For example, the “messing about” strategy allows students to directly interact with the content of the day’s lesson. If they’re studying fossils, bring in a small fossil for them to see and touch. If it’s about energy, have them create a circuit using batteries and copper wire. The possibilities are virtually endless. Be sure to have students structure their thinking by making observations, verbally or in writing, as they follow their curiosity to see where it leads.
Play can help us utilize the competitive spirit to improve student performance — but it doesn’t have to be all about creating winners and losers! Instead, have your students work together to achieve a goal. Keep track of how well students do over time and allow them to compete against previous versions of themselves. You’ll level up the cooperation that occurs in your classroom while helping students develop a drive to succeed.
One way to accomplish this is through a teambuilding activity. In the Winding Words game, for example, students create a chain of rich vocabulary words, then work together to re-create their chain precisely. Another possibility is the Helium Stick activity, where students must lower a stick to the ground despite their natural inclination to lift it upwards. The game requires intense cooperation and communication but is still a lot of fun to play.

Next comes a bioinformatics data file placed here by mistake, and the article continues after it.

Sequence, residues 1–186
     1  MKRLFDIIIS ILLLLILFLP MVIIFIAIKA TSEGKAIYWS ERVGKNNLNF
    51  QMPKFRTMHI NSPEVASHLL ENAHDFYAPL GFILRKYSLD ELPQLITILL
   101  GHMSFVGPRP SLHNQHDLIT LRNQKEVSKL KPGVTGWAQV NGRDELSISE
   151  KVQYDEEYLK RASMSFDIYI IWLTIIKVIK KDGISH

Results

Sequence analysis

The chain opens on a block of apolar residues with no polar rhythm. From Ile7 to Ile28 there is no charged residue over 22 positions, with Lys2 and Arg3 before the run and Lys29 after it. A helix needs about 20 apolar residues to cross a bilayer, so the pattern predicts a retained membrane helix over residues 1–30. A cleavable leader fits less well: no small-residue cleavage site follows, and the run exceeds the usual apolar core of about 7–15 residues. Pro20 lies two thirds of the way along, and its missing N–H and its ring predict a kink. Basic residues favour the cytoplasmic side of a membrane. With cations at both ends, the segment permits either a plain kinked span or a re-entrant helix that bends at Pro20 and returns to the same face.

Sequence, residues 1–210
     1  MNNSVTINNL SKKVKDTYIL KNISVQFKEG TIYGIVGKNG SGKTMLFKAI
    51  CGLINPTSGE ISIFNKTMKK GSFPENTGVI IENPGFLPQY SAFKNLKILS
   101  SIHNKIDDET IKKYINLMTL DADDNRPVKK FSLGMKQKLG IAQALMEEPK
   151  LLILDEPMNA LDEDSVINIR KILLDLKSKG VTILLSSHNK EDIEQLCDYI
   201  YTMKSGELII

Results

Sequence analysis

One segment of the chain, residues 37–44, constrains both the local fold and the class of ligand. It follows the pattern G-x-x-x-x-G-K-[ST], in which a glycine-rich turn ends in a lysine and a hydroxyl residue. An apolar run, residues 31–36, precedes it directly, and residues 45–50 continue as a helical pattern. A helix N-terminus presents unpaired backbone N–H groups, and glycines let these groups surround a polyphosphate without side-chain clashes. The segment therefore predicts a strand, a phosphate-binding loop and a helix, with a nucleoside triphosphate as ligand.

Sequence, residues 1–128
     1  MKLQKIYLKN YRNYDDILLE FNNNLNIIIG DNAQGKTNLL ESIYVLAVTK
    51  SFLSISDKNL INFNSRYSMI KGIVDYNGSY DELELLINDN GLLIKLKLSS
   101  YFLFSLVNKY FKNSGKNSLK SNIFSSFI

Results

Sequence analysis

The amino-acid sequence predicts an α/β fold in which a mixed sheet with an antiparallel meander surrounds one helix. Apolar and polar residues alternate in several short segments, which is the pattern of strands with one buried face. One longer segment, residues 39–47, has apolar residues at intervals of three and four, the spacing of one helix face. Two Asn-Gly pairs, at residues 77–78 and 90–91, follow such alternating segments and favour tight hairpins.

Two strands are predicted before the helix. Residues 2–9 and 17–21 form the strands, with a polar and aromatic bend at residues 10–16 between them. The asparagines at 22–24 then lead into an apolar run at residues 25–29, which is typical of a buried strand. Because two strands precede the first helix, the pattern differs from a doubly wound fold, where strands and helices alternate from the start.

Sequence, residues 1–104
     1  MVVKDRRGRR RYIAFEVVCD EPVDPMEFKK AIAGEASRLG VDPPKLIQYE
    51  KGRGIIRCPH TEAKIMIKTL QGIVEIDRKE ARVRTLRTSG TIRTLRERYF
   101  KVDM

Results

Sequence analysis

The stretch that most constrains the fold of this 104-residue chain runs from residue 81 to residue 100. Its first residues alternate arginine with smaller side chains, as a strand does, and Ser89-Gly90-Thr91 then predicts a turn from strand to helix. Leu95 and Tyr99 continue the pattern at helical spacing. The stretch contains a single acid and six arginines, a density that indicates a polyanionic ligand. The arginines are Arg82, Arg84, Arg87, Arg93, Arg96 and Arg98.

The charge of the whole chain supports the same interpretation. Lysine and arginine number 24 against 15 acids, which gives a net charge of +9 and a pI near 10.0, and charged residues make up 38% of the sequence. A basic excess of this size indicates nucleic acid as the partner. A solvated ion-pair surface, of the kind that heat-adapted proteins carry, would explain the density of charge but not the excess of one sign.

By incorporating a variety of play into your classroom, you’ll boost student engagement while bolstering their brainpower. You will also create plenty of opportunities for them to develop their social-emotional skills. So remember to implement play into your regular lessons and give your students the skills they need to become curious, well-rounded thinkers.
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